Silage, Haylage or Hay?

Our larger scale events such as weddings take place in our ‘hay’ field. Typically our hay is harvested between mid June and the end of July. This year we planned to cut it in June because we have a number of events in July but, of course, the weather has not been kind.

Hay making needs a run of several sunny days. First the grass has to be mown. Then it is turned several times until it becomes very dry. Only then can it be baled and moved into the barn in preparation to feed our horses and ponies during the winter. It also has to be stored for a few months to cure. Freshly cut hay is not easily digested.

Without a run of several sunny days to make hay my thoughts turned to making haylage. This is very similar to hay but slightly damper. It is made into large round bales and wrapped in polythene to keep out oxygen. The combination of the slightly damper material and oxygen causes the haylage to degrade and rot. Even though it is damper when baled, present conditions are too damp.

So, the answer this year is to make silage out of the grass from the area that we need for our events. Today one neighbour (Clive Quamby) mowed the area and tomorrow another neighbour (Alan Russell) is going to bale and wrap as silage. Silage is freshly cut grass that is immediately or almost immediately baled and wrapped (or stored in a large clamp). The moisture content is high and it makes a very rich feed that is ideal for cattle but no good for horses. Alan will therefore be taking this part of our crop for his cattle.

Hopefully we will be able to make some hay or haylage with the grass from the rest of the field later in the summer. How many of you wedding planners have the silage/haylage/hay question on your checklists?

Hay making in the sunshine – June 2011

 

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June Evening

A hard day’s work in meetings and at the computer has to end as the pigs are squealing for their food and the ponies need taking off the rich spring grass.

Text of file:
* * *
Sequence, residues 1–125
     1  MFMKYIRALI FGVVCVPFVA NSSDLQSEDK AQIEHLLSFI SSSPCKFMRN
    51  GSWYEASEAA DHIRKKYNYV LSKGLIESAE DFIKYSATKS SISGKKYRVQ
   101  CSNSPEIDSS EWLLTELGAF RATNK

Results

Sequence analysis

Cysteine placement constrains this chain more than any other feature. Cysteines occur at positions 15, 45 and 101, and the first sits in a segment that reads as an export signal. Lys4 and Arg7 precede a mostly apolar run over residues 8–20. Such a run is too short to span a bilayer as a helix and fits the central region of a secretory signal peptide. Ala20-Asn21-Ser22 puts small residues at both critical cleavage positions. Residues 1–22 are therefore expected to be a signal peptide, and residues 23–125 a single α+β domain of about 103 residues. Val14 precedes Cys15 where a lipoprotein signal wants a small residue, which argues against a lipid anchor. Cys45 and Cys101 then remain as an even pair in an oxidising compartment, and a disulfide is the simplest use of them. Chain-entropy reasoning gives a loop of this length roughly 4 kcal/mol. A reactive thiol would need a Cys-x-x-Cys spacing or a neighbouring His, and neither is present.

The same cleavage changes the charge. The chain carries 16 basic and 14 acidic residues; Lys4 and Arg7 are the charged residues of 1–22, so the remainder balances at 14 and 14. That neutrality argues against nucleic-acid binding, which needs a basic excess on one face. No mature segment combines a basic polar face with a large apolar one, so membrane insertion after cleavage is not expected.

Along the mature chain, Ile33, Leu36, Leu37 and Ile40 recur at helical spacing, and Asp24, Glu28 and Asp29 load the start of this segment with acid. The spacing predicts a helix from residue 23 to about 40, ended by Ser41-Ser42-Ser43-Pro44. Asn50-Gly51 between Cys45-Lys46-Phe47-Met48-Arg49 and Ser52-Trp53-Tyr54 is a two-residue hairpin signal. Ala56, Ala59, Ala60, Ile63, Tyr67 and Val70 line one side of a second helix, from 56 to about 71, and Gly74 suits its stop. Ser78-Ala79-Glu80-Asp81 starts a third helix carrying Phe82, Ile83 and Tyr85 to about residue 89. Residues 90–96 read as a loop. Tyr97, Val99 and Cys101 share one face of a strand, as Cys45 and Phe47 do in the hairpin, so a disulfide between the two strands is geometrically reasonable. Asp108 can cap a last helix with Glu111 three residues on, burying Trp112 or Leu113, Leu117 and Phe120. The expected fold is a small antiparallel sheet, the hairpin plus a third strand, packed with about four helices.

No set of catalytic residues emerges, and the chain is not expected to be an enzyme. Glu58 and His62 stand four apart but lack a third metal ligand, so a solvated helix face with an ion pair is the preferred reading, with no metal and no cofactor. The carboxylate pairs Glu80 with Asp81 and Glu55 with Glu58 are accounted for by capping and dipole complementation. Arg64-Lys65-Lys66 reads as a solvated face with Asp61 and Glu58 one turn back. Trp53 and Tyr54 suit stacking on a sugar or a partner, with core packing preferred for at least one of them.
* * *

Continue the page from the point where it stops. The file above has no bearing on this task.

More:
Head down I set about my tasks. Pig feed is measured out into a bucket while collected rainwater is transfered to a large black bin ready to be barrowed round to the pig’s field where I keep a large water container for topping up their water supply. The pigs are pleased to see me. I like to think that they really are pleased to see me but of course really, they are really pleased to see the food bucket.

After giving them some more bedding and checking the fencing, I bid the pigs goodnight and set off to find the horses. I pass the orchard and see that the last of the apple blossom has gone. It has been abundant this year, which hopefully means that there will be a crop that reflects this in the autumn.

At the entrance to the orchard is a gate leaning on a dry stone wall with a gate post, independently, also propped up against the wall. I bought the gate post over a year ago ready to set and attach the gate to it. Unset, the gate has to be lifted into a position to provide a barrier.

Despite calling the ponies they remain munching the rich grass that, un-moderated, will draw them to their maker. In due course they are caught and returned to sparse pasture overnight. Another of threat to their welfare, ragwort, has re-appeared in a couple of places and so I do a tour of the fields with a barrow to stop its progress.

Last task is to transplant 4 pumpkin plants to their final destinations underneath the fruit trees in front of the barn.

I started the evening stressing about jobs.